Although audited financial statements can provide the benefits mentioned, they’re not something your construction business should leap into without foresight. In addition to requiring a financial investment, an outside audit will call for you and your employees to invest a substantial amount of time and energy toward its completion. You’ll need to gather and provide extensive documentation and even submit to interviews.

A variety of documentation

If you decide to try an external audit of your financial statements, you and pertinent staff members will meet with your auditor to establish a good working relationship and discuss timelines and responsibilities before the audit begins.

From there, expect to provide documentation such as a detail general ledger, up to date through the end of the period the audit covers, and the original source documentation (such as canceled checks, bank statements, vendors’ invoices) for areas being tested. You may also need to provide lease agreements, loan covenants and notes of all lenders. In addition, your CPA may ask for a variety of schedules (and supporting documents), including a schedule of:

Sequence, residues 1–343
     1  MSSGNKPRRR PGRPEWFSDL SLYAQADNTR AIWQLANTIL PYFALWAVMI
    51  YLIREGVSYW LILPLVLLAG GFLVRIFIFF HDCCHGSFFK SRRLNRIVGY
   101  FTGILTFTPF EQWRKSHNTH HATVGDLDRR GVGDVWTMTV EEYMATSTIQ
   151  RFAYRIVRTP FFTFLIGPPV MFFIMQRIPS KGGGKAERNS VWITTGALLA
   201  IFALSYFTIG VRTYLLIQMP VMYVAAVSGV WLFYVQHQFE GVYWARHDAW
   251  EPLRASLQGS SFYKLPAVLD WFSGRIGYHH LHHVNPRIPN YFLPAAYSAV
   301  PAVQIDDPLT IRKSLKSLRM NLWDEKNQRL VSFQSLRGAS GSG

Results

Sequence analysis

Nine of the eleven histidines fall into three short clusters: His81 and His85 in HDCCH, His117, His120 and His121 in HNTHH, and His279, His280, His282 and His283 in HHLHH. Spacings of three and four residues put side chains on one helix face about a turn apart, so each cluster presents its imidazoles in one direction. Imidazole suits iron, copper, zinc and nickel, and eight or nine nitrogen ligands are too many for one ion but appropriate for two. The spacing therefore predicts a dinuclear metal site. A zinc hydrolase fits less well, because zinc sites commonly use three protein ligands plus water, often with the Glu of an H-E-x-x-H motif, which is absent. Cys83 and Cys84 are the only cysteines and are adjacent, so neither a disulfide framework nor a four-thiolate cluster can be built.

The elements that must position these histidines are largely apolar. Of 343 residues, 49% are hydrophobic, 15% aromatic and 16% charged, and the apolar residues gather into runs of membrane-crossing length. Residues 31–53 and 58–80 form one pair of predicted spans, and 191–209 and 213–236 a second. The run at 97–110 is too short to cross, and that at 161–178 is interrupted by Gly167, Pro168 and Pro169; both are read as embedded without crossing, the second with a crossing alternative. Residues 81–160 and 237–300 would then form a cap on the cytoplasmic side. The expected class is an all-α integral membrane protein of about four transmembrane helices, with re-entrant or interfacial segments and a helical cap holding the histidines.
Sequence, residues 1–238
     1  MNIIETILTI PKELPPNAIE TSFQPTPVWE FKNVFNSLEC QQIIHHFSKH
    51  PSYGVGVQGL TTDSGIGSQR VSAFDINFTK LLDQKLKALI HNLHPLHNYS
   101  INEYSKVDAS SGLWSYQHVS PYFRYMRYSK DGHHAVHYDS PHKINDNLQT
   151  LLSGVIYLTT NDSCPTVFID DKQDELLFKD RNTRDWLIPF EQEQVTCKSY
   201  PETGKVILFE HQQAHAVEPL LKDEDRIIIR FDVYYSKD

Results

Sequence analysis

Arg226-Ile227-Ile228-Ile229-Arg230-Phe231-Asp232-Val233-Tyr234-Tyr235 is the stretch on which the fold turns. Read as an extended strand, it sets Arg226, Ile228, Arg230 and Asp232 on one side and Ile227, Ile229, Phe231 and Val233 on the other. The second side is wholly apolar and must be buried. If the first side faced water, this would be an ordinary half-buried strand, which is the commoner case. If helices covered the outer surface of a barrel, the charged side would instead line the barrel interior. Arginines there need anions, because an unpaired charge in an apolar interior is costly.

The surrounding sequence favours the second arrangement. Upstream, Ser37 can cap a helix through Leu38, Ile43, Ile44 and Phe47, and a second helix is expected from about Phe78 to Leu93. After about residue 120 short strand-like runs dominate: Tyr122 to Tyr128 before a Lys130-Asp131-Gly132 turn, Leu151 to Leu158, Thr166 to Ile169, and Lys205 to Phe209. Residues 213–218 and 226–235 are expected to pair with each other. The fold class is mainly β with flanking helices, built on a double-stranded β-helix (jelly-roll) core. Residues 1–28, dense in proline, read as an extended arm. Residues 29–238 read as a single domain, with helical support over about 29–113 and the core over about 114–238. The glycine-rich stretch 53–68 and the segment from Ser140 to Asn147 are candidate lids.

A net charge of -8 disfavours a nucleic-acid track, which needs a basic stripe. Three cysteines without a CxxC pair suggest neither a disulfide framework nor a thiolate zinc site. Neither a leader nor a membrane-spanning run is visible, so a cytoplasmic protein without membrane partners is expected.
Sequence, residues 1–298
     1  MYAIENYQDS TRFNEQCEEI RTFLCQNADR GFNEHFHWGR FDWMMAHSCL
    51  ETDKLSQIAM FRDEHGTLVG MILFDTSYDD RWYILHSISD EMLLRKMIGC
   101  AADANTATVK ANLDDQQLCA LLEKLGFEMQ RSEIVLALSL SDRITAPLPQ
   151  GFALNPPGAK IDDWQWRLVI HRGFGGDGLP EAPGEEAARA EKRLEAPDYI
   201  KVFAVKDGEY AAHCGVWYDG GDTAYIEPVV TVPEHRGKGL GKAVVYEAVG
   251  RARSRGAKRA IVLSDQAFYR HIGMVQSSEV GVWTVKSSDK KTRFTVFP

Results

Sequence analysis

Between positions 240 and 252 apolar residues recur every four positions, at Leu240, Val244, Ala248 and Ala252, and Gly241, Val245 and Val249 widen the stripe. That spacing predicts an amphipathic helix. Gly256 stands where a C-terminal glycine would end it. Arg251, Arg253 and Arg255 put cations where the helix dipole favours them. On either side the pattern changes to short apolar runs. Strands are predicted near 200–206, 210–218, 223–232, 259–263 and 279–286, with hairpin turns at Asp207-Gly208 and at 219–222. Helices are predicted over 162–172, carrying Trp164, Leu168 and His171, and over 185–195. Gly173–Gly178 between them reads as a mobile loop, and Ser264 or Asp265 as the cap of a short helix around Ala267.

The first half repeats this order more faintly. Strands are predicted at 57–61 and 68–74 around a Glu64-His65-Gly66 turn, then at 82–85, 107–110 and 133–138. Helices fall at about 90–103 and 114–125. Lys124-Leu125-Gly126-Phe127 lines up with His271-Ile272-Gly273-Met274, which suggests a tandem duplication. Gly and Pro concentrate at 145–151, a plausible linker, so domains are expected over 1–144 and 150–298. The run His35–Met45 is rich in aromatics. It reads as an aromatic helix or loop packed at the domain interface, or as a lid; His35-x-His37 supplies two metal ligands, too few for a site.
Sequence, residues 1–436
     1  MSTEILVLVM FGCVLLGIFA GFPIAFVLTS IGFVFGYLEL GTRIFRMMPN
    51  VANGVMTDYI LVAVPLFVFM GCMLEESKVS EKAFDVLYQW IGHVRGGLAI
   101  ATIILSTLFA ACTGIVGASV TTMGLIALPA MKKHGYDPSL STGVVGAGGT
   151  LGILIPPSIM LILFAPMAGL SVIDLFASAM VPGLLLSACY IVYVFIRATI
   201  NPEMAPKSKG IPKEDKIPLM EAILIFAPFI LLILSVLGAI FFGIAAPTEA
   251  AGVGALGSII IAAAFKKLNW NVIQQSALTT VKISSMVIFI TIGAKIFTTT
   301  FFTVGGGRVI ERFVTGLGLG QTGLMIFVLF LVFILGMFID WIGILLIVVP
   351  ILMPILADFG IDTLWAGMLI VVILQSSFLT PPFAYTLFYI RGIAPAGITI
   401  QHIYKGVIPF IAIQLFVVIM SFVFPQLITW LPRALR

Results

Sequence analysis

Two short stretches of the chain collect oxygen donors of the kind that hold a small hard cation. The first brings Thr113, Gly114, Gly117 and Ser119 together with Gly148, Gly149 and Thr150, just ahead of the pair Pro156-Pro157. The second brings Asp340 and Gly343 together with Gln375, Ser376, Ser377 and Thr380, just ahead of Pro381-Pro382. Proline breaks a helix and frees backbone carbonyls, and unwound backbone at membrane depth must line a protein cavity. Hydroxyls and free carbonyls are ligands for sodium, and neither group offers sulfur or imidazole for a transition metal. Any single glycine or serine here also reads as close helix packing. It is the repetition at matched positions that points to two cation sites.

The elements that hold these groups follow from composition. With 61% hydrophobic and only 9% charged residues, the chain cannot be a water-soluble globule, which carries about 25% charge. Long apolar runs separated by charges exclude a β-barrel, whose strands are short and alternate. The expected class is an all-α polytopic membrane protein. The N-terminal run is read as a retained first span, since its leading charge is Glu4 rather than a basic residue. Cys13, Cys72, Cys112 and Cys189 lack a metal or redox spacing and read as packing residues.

• Accounts receivable,
  • Priced inventories,
  • Fixed assets and depreciation taken on them,
  • Prepaid expenses,
  • Loans, trade payables, and other liabilities reconciled with the lenders’ and creditors’ records, and
  • Other accrued liabilities (for example, employees’ accrued vacation and sick time).

Construction-specific documents will also come into play. The auditor will look at ongoing and upcoming projects and either confirm a certain percentage of the costs or test your entire job cost system. He or she will also test estimates for accuracy and completeness. It’s important to both lenders and sureties that contractors engage auditors with expertise in the construction industry.

Powerful stuff

As you can see from the wealth of information being collected, audited financial statements are powerful stuff. And, to reiterate, it’s particularly important to have a reputable CPA firm with experience in the construction industry perform your audit.

© 2016